Ignoring and erasing the experiences of my ancestors, Africans stolen from their country and enslaved, is the story that is omitted from the narrative of the food and agriculture movement. A movement that cannot tell the truth is not a movement at all, it’s a clique.
If the narrative of the food movement is correct the story would be that America was built on fair labor, enslaved Africans are immigrants, Indians were paid for their land and everyone has always had the right to vote.

Oh, make me wanna holler
And throw up both my hands
Yea, it makes me wanna holler
And throw up both my hands

Looking for inspiration to till the soil, I turn to Marvin Gaye. When I am in love, I listen to Marvin. When I am sad, I put on some Marvin. When I plant seeds – I listen to Marvin. A dear friend once told me that seeds have a song. If my seeds have a song, they are singing a little Marvin.

Mother, mother
There’s too many of you crying
Brother, brother, brother
There’s far too many of you dying
You know we’ve got to find a way
To bring some lovin’ here today

Putting seeds in soil have become a way that I have learned to love my self more than I would have ever imagined. Only in hindsight do I realize how much I love my self, my people and our collective story. I love us enough to not just grow food but to grow soil. I love us enough to create organization that addresses and offers fixes to the shortcomings of racism and exclusion of our stories. I love the earth enough to ask the question that Marvin posed.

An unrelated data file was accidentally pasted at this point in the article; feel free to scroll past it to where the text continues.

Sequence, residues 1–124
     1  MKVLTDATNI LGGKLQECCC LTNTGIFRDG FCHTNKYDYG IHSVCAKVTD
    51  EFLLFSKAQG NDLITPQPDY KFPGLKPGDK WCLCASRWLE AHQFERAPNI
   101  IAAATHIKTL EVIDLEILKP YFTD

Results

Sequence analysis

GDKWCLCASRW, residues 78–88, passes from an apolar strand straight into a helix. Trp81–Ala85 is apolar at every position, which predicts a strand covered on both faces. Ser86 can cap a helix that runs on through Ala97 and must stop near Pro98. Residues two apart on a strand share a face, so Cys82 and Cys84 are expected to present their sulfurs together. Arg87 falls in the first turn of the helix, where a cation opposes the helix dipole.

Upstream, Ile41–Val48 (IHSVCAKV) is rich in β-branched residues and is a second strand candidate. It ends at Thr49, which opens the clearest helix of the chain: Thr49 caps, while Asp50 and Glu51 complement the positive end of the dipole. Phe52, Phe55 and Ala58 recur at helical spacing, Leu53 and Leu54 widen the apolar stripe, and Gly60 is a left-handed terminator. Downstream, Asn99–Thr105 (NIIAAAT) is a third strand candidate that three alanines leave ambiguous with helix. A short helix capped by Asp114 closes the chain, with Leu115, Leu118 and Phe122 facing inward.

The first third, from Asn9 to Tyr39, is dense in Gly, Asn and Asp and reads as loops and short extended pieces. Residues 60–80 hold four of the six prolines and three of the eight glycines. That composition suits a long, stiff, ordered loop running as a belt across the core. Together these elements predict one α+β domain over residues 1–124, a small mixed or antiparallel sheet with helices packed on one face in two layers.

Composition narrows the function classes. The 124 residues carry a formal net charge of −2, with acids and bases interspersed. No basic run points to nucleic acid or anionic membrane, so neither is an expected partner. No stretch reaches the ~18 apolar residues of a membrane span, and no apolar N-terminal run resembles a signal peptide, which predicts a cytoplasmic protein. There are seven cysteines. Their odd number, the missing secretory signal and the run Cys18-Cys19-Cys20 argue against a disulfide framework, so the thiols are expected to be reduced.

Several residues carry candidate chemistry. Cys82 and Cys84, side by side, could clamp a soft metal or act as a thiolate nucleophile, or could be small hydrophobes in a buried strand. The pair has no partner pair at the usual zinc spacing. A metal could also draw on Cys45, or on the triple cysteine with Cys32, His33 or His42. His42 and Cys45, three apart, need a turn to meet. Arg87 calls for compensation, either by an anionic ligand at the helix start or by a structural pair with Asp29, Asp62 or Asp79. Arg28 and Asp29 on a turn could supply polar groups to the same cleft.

I just want to ask a question
Who really cares?
To save a world in despair
Who really cares?

I care. I care enough to tell the story of land from the perspective of my people. I won’t wait for the food movement to tell the story – I will tell it myself. I will tell the story to the seeds. With Marvin playing softly in the background.

Father, father, everybody thinks we’re wrong
Oh, but who are they to judge us
Simply because our hair is long
Oh, you know we’ve got to find a way
To bring some understanding here today

LaDonna Azziza Redmond is a long-time community activist who successfully worked to get Chicago Public Schools to evaluate junk food, launched urban agriculture projects, started a community grocery store and worked on federal farm policies to expand access to healthy food in low-income communities. In 2009, Redmond was one of 25 citizen and business leaders named a Responsibility Pioneer by Time Magazine.
Currently, LaDonna has launched the Campaign for Food Justice Now. CFJN’s mission is to end all forms of injustice and exploitation in the food system. CFJN seeks a comprehensive approach that includes the social, historical, cultural, envirnmental and spirtual elements of a solution to food justice. Learn more and support CFJN at